The slump in the dollar is threatening to bring to an imminent end its near-decade-long uptrend against major peers.

Deutsche Bank’s Trade-Weighted Dollar Index -- a gauge of the currency against the U.S.’s most-important trading partners -- has fallen to test the trendline in place since 2011, a break of which would be an important signal for dollar bears. The index has dropped more than 1% so far this month amid weakening demand for havens, an ongoing rally in risk assets and a shift in sentiment toward currencies like the euro and yuan.

Dollar strength has been a feature of much of the last 10 years. The trade-weighted basket climbed over 40% from the 2011 low to its recent peak in March, at the height of coronavirus fears. Yet a growing chorus of commentators is calling for the currency to decline, as the global economy attempts to recover from the impact of the pandemic.

“You’re likely to see a situation where the euro zone and indeed Asia will be able to re-open and are re-opening their economies at a faster pace than we’re seeing in the U.S.,” said Peter Kinsella, global head of forex strategy at Union Bancaire Privée. “Normally we find that the dollar tends to weaken during periods of global economic recovery.”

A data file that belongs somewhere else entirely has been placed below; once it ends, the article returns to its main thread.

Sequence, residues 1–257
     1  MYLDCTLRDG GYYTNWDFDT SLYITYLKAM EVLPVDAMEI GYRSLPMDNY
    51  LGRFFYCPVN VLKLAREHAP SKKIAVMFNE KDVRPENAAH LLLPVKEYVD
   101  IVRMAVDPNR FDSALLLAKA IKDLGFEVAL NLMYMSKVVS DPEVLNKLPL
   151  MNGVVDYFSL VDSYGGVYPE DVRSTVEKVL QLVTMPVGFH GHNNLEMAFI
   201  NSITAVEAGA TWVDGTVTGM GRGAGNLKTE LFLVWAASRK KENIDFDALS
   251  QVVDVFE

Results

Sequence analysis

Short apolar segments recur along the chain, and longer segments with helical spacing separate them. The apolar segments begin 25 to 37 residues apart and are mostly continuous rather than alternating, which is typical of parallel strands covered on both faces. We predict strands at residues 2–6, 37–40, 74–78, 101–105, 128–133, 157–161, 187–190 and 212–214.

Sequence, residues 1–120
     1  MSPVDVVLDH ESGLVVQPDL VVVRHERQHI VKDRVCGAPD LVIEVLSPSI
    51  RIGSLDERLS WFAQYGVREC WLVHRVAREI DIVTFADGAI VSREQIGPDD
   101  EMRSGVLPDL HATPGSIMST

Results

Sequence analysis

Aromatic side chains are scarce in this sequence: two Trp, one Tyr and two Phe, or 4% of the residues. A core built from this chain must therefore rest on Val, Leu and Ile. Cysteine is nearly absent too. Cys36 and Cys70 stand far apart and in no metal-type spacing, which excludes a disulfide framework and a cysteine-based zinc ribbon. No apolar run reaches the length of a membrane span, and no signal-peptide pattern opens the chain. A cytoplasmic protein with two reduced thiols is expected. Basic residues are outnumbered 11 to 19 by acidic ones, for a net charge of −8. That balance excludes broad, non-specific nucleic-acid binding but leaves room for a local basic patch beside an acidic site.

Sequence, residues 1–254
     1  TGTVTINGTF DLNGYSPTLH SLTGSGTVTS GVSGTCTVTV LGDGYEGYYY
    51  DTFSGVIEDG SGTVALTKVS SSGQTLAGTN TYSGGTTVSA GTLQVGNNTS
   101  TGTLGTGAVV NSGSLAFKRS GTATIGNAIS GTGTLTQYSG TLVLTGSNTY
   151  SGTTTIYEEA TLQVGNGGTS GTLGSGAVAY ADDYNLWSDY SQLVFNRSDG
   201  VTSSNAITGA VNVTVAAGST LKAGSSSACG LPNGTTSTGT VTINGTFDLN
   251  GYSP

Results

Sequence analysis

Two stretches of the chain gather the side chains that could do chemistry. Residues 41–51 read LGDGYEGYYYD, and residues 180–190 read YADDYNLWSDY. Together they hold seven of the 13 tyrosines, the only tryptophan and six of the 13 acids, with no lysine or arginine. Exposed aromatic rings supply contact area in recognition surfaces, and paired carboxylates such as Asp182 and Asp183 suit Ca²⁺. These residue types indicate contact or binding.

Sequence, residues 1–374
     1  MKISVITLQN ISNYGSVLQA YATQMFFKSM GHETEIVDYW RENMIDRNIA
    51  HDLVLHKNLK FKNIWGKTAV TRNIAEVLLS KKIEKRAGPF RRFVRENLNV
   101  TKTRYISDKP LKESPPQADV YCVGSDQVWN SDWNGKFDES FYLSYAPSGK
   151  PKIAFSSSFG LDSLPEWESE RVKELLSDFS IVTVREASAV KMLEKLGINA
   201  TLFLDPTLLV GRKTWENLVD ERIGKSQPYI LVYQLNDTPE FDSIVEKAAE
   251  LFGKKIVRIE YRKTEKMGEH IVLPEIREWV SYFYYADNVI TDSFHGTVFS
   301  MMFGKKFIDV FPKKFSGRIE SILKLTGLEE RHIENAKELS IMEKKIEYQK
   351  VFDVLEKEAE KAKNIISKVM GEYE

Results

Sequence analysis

The ICE U.S. Dollar Index -- another gauge of the currency -- is expected to weaken about 2% to 94.1 by the second quarter of next year, according to an analyst survey compiled by Bloomberg. It traded around the 96 level Thursday.

“Improving domestic economic trends in the euro area and China, as well as our rising conviction in structural dollar weakness over time, reinforce our view that the dollar is poised to weaken against these major currencies,” wrote Goldman Sachs Group Inc. strategist Zach Pandl this week.

The trade-weighted dollar index steadied just above the trendline Thursday, after a slump in Chinese shares led global risk assets lower, reminding investors of the currency’s haven status.

“The dollar remains the ultimate safe haven,” said Credit Agricole SA strategist Valentin Marinov. “A return of risk aversion later in the year on the back of global growth concerns, escalating geopolitical tensions between the U.S. and China as well as other triggers like a no trade deal Brexit could burnish its appeal.”

This article was provided by Bloomberg News.